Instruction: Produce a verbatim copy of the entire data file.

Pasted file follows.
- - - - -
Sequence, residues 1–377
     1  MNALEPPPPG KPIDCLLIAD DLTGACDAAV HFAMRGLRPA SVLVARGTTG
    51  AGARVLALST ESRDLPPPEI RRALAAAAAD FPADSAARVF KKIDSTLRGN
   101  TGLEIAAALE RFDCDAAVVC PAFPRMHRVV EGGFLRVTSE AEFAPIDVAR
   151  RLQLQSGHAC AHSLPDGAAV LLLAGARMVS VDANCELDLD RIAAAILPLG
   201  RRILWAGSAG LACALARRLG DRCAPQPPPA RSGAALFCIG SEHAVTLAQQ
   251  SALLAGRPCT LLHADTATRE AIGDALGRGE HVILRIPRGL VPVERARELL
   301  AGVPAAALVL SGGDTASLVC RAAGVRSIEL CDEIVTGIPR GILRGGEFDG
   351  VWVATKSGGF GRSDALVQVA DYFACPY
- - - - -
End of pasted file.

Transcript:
Sequence, residues 1–377
     1  MNALEPPPPG KPIDCLLIAD DLTGACDAAV HFAMRGLRPA SVLVARGTTG
    51  AGARVLALST ESRDLPPPEI RRALAAAAAD FPADSAARVF KKIDSTLRGN
   101  TGLEIAAALE RFDCDAAVVC PAFPRMHRVV EGGFLRVTSE AEFAPIDVAR
   151  RLQLQSGHAC AHSLPDGAAV LLLAGARMVS VDANCELDLD RIAAAILPLG
   201  RRILWAGSAG LACALARRLG DRCAPQPPPA RSGAALFCIG SEHAVTLAQQ
   251  SALLAGRPCT LLHADTATRE AIGDALGRGE HVILRIPRGL VPVERARELL
   301  AGVPAAALVL SGGDTASLVC RAAGVRSIEL CDEIVTGIPR GILRGGEFDG
   351  VWVATKSGGF GRSDALVQVA DYFACPY